Berkeley Car House
A celebration of once forgotten materials.
Architects Karl Wanaselja and Kate Leger would be the first to tell you that they live in a junky house. Using the roofs cut out of 104 junkyard cars, Wanaselja created the roof and siding on his Berkeley, California home. He sat for hours in the junkyard, evaluating which cars would compliment his emerging palate of silvers, grays and soft golds.
The countertops in their kitchen are made from the salvaged wood of Coast Live Oaks, a tree native to California.
“Every piece of material in this house has a story,” Leger says. The decking and railings are all salvaged redwoods and the glass awning over their deck is made from the side windows of a dodge caravan. They also operate their architecture studio out of a recycled shipping container in their backyard.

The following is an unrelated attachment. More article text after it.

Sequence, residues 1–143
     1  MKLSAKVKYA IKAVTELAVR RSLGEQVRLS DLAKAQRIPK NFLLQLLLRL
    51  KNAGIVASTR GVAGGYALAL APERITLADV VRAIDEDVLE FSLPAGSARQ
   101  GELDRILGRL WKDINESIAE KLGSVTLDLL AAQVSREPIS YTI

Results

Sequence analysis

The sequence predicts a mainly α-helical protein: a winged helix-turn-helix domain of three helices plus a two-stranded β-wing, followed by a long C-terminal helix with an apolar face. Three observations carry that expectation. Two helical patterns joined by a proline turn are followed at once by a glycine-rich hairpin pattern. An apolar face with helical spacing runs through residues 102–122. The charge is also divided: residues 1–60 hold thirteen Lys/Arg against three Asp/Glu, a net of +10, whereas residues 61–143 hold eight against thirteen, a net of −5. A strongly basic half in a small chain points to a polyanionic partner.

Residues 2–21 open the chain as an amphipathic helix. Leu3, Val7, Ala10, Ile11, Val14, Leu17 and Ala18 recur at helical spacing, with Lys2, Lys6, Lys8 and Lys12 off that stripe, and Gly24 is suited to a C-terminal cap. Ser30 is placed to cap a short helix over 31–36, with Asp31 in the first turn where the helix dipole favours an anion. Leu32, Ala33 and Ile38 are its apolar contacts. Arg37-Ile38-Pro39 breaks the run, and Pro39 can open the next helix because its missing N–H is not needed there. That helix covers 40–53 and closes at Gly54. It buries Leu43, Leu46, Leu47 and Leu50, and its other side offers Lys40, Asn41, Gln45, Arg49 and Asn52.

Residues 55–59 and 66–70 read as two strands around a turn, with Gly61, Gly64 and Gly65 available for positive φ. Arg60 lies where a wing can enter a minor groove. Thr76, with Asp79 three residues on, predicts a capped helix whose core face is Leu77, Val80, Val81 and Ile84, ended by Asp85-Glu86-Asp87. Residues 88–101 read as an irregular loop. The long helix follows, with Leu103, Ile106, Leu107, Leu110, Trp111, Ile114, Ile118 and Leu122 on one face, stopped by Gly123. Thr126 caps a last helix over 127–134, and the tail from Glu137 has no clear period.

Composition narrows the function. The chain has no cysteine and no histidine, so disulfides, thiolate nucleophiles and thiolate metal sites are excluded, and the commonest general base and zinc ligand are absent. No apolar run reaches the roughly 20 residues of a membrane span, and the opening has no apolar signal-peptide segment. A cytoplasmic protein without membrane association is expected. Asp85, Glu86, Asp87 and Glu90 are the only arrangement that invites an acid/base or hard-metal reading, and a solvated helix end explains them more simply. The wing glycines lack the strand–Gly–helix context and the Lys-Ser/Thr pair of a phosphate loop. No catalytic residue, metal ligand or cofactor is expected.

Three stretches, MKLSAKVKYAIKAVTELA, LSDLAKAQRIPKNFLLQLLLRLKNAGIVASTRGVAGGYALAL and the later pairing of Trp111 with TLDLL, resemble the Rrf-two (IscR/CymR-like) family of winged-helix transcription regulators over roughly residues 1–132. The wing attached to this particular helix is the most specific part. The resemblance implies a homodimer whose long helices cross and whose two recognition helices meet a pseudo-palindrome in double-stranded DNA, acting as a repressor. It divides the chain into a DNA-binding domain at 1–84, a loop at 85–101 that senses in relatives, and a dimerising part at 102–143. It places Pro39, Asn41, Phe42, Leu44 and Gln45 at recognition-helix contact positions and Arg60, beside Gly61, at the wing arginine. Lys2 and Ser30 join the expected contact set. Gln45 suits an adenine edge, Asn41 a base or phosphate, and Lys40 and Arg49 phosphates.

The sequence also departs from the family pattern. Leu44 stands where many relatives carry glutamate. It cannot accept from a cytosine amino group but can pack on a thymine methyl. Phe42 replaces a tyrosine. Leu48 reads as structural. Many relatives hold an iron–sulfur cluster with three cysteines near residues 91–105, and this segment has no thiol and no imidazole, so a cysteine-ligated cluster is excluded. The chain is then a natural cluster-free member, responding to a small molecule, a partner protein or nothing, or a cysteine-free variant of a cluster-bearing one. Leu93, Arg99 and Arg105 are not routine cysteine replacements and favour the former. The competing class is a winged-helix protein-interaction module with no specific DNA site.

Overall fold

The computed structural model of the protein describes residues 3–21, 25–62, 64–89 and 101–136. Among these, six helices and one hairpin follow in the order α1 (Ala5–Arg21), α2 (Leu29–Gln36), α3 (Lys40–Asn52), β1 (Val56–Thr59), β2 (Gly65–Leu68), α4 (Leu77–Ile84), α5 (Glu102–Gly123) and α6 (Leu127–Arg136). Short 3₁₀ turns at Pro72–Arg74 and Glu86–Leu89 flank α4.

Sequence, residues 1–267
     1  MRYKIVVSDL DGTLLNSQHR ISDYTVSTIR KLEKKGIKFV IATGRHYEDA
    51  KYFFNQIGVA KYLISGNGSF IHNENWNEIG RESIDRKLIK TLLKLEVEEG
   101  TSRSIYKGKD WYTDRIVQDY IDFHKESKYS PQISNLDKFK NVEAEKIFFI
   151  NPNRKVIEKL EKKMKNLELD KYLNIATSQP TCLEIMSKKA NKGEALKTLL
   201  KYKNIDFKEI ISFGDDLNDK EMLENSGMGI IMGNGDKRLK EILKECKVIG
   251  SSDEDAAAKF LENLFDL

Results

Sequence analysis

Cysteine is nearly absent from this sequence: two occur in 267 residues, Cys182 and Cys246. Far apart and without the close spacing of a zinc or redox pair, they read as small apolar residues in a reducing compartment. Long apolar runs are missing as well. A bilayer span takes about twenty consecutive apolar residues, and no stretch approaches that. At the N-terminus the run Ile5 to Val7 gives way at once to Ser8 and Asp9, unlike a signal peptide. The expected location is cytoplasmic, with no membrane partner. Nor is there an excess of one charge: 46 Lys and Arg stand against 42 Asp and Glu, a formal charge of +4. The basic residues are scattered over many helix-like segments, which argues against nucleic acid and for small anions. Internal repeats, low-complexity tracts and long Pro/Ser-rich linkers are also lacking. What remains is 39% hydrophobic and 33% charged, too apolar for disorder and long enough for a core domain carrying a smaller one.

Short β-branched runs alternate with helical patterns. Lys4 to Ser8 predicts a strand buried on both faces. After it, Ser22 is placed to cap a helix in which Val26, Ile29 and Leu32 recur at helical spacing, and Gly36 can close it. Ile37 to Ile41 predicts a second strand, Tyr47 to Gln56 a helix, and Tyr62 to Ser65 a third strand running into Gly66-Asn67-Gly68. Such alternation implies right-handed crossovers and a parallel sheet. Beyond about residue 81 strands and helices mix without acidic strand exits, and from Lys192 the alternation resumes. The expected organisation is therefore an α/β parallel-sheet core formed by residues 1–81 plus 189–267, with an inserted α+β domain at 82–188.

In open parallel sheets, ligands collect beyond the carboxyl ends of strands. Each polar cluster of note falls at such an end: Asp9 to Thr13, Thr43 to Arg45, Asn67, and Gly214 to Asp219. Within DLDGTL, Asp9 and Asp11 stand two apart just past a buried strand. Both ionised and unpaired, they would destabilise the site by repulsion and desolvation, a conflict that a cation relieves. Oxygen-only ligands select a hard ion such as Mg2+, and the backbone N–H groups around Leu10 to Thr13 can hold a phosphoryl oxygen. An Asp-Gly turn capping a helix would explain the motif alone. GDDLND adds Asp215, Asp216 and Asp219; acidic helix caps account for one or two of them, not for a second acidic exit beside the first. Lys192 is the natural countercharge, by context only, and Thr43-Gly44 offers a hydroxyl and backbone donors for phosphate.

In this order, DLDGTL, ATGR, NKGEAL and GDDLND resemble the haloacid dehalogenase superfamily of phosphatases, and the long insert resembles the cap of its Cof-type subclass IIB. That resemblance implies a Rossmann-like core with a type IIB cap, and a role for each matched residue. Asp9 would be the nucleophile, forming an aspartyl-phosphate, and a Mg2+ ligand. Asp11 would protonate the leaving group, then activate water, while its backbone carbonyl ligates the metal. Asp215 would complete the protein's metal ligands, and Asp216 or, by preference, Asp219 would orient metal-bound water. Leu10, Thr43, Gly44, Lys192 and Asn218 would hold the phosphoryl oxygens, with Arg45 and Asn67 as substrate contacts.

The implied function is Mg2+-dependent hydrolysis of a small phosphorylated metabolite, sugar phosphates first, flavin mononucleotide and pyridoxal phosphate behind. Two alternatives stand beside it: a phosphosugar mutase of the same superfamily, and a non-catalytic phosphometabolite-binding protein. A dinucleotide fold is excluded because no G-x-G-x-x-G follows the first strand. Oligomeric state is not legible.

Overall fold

“I think more and more people are thinking about the bigger picture,” Wanaselja says. “I think it’s just a matter of time before people are using recyclable materials in their houses.”
It only cost the couple $1,400 dollars to build their roof.
“It doesn’t cost more to build green. It doesn’t. And it can be a lot more pleasant,” Leger says.
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